Doctors have an interesting problem. They have an ingrained professional obsessive-compulsive habit; they fixate on the care of individual patients and on the science of healing. This is an admirable trait; it results in high-quality care. However, when physicians need to change their attention from healer to leader, from medicine to the business of medicine, from health care to the health care system, they falter. Stuck in silos, they fail to ...

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Disclaimer: I have never had cancer. Therefore, at the most basic level, I do not have the right to pontificate about dealing with the dread disease. Rather, I have been the servant and support of those that struggle with cancer. I thought it might be of some assistance to share my observations from the other side of the bed rail. Perhaps, their secrets of survival may help you. Cancer is a ...

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Romeo and Juliet, Act II, Scene II: "What’s in a name? That which we call a rose by any other name would smell as sweet. So Romeo would, were he not Romeo call’d, retain that dear perfection which he owes without that title." I saw a consult the other day, an older gentleman with a new cancer requiring complex evaluation and extended care. Scary, hard stuff, but with the possibility of ...

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It was after shoveling winter snow that Brett began to cough. It was a dry cough, a morning cough, a “smoker’s cough.” It persisted, grew deeper. Several weeks later, there was a particularly harsh cough and in the sink was a crimson blob. Frightened, he called his doctor. For 71 years old, Brett looked healthy. His lung exam was clear and the cough was gone. A case of bronchitis?   The chest ...

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Despite the years, I have not talked about this case.   It is not a privacy/ HIPAA problem; rather, I did not want to upset the patient and family. I am not certain that was the right decision; at the time, it seemed best. Still, the patient died, the family moved on, and I carry a guilty memory. It was after deteriorating months of corrosive cancer that we met. Multiple systems were ...

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In the fall of 1980, in my final year of medical school, I sat in the main ward of Saint Vincent’s Hospital, Greenwich Village, Manhattan. Filling the vast space were twenty-four beds, in four rows, with twenty-four patients. The prow of the open nursing station thrust from one wall into the center. A high ceiling vanished above. Yellow light filtered through ancient rippled glass windows and distant fluorescent bulbs made ...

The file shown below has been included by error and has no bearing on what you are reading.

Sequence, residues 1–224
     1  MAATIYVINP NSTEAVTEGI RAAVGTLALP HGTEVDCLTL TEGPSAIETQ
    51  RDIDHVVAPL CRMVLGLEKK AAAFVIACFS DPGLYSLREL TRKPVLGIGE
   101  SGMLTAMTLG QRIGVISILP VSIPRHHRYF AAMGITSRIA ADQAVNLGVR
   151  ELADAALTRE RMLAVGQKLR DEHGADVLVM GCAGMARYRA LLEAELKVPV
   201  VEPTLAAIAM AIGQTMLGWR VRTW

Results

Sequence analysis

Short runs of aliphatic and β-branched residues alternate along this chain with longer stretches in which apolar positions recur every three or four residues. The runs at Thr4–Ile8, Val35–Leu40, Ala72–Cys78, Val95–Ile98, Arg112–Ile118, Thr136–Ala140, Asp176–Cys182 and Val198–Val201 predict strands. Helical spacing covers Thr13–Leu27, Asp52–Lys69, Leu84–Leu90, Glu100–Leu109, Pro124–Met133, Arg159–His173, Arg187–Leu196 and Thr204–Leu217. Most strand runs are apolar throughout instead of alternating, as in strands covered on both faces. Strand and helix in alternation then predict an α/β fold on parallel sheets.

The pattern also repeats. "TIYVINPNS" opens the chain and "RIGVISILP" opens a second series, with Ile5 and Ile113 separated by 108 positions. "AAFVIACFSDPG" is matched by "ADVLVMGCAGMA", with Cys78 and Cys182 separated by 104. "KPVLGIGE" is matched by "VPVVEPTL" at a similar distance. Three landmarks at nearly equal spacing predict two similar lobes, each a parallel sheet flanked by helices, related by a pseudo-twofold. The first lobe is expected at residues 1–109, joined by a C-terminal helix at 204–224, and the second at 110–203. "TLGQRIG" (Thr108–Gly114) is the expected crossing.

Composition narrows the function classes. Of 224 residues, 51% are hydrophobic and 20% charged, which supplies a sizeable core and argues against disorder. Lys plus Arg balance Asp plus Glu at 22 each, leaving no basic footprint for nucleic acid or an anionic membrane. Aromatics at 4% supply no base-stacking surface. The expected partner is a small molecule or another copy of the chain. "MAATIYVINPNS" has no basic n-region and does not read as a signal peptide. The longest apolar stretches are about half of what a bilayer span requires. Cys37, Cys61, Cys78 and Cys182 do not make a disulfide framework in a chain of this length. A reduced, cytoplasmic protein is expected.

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I was confused. Perhaps, I needed another cup of coffee. The chart did not make sense. Ellen, who I was about to see because she was transferring her care, was receiving medication for cancer that was a simple pill; inexpensive, with few side effects. What confused me is that it was obvious the therapy would not work. Baffled, I called the oncologist who had been treating Ellen for two years. A ...

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There are times, as a healer, I feel helpless. These are not just the moments when cancer consumes. I understand that the dread disease has yet been conquered, and there is still terrible loss.   This not when I refer a patient elsewhere; I know my limits. Rather, these are the times when I am trapped, ignored, and the result is needless suffering. In his classic, often quoted, 1942 short story, Runaround, ...

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Three decades at cancer’s bedside has taught me about fear. I have seen denial postpone critical diagnosis.   I have watched mistrust and anger yield poor choice. I have fought against terror that spreads malignancy by delaying treatment.  I have shared fury and devastation as horrid growths rip apart bodies, destroy families and end life. After so many thousands of patients, so many wasted lives, you would think I would have given ...

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There is only one correct, perfect, absolute approach to life and decisions near its end.   This truth relieves the doctor of final decision.   The right way lifts the burden of anxiety, confrontation or guilt.   The perfect path makes giving care at a very hard time, much easier. That correct course, the only way to treat every patient and every family, is exactly what the patient and family say it is. This ...

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